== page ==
Some have heard of "frugal Fridays," but the Dunning family in Davis, Calif., is practicing "frugal February."
"Since my pockets were empty, it was not a real hard decision to make," writer Bob Dunning said.
The family of six has vowed not to do any discretionary spending for the month of February.
"It's been pretty easy so far," he said, one week into the experiment. "I suspect it's going to be a lot more difficult."
He said the family should save about $1,500 to $2,000 this month.
"It was interesting after spending so much money during the holidays, Christmas, to think, wow, how much could we cut back?" Shelley Dunning, 46, told ABC's Sacramento affiliate, KXTV.
She said she hopes the experiment will "reset our clock on everything."
"I hope that at the end of this month we can look back and say, gosh we had a lot of fun with each other," she said.
Bob Dunning, 65, wrote about the motivation and planning behind the idea in his column in The Davis Enterprise.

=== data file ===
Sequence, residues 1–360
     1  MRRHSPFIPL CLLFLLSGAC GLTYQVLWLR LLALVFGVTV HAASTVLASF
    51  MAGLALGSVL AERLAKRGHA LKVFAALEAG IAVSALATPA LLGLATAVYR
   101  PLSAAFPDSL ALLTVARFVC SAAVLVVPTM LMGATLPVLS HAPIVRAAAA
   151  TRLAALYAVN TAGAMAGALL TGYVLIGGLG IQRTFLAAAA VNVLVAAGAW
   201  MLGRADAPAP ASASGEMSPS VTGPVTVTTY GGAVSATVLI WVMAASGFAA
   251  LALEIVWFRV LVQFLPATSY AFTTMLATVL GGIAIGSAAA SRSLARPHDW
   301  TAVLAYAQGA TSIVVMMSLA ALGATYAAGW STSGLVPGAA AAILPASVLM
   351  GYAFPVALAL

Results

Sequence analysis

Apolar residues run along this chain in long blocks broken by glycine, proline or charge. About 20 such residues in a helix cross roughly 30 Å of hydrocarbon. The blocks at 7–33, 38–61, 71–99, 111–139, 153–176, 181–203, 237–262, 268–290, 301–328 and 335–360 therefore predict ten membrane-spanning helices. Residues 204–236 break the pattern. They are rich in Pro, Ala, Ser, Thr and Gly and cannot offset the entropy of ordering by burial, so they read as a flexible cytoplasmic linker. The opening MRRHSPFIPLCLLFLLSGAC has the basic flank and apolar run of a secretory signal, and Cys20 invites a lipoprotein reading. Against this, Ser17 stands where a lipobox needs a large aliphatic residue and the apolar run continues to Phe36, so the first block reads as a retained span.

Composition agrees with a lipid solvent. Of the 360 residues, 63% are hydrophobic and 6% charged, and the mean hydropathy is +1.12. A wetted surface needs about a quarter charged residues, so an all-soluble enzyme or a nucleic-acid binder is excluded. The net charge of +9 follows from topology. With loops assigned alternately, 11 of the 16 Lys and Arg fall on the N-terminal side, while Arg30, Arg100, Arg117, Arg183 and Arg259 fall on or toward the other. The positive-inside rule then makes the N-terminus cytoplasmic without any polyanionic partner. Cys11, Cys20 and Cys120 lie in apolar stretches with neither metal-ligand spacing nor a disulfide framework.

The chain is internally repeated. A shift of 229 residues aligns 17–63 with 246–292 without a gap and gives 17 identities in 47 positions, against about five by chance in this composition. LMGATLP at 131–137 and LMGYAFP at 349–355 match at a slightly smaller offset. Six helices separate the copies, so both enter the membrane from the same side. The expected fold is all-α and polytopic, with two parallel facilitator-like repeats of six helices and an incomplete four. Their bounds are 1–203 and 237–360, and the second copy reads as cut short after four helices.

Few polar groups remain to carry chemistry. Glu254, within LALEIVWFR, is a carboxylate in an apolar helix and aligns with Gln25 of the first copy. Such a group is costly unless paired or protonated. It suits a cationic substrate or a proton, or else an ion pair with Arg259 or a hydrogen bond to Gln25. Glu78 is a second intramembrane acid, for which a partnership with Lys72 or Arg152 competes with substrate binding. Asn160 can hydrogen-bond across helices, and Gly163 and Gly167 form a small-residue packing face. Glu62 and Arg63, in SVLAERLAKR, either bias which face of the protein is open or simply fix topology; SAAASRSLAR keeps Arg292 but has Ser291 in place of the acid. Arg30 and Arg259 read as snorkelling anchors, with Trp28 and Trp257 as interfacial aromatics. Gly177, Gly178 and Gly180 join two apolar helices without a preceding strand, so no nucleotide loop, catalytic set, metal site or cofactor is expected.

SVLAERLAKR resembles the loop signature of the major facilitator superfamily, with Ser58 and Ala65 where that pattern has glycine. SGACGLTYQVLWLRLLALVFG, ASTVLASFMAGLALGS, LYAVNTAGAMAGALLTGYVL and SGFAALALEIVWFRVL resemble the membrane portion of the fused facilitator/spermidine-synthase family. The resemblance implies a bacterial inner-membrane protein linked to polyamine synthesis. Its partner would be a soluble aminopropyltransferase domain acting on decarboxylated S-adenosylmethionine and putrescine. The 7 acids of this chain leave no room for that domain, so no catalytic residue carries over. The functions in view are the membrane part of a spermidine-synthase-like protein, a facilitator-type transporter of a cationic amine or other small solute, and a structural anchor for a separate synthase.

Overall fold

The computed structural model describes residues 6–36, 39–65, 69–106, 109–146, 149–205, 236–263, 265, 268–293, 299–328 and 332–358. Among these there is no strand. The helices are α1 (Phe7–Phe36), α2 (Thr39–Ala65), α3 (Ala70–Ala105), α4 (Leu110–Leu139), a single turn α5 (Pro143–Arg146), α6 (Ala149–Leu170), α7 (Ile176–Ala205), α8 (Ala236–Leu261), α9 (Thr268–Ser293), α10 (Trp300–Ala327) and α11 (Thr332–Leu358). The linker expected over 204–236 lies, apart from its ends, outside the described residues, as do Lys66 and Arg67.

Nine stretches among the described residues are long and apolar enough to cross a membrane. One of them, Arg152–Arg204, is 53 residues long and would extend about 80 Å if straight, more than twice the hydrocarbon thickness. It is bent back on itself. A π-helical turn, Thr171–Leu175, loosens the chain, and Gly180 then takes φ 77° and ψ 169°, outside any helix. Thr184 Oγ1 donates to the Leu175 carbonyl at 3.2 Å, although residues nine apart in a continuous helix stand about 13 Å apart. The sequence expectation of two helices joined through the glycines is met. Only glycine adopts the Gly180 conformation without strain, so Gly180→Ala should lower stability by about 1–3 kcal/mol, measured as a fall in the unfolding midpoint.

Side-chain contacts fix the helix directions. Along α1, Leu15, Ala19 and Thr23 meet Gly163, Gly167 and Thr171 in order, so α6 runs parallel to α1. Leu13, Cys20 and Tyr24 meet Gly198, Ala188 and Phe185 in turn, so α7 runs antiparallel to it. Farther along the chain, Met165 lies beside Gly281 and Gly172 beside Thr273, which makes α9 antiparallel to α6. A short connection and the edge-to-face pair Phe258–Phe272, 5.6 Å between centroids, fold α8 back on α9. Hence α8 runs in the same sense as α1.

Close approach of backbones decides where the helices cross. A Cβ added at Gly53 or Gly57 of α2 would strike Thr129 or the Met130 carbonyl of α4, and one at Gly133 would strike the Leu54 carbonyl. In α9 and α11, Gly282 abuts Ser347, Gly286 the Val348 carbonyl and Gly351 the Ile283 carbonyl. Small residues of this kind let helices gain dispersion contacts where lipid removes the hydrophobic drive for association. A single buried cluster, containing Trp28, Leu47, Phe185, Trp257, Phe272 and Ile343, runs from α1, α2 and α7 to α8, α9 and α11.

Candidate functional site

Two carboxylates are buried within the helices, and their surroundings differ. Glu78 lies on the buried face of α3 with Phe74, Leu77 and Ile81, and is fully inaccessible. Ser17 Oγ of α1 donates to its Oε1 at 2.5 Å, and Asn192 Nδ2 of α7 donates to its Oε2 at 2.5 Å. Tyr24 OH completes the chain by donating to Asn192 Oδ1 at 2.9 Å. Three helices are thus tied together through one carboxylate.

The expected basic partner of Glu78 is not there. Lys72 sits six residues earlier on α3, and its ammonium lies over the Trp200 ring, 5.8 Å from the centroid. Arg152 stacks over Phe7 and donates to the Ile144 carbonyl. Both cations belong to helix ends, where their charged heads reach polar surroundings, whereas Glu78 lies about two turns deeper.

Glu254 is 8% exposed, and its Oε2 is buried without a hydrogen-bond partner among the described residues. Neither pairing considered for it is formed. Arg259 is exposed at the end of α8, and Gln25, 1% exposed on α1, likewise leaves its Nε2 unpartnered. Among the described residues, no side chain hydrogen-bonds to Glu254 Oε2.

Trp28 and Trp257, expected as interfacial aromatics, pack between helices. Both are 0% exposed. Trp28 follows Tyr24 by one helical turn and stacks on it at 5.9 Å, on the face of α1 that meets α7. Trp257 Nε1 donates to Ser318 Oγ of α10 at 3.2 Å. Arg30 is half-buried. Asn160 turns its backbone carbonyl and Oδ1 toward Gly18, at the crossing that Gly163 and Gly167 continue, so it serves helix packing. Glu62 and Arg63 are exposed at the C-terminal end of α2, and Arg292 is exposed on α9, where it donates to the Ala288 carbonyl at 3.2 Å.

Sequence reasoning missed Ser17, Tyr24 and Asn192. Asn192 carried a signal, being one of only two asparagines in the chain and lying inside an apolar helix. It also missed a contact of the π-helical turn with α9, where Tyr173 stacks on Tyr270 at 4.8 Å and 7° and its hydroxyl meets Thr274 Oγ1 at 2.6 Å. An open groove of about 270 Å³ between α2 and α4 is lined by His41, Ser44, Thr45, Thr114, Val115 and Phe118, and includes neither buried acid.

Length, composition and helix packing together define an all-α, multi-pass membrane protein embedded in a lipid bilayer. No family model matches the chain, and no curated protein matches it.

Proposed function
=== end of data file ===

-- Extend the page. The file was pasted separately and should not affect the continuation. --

Shelley Dunning said the family plans to eat a lot of rice and frozen meat, so they went to Costco on Jan. 31 to stock up on other foods like butter, pasta, nuts, and peanut butter and jam. The only miscellaneous thing the family plans to spend money on is fresh milk for the kids.
Bob Dunning clarifies that the family is just vowing against discretionary spending, like a coffee or movie tickets here and there.
"It adds up real fast and I wasn't sure if we could do it or not," he said.
And what about gas for the family's car? The family plans to walk. That's a good thing because the national weekly gas price average jumped 4 cents to $3.48 for regular for the week ending Feb. 6, up 35 cents from a year ago. Fortunately, Bob and Shelley both work from home.
Their children are learning to make do with less too. Maev Dunning, 10, made a wallet out of duct tape. But son Mick Dunning, 7, who recently cash for his birthday, is having a hard time.
"I have a lot of money I want to spend," he said.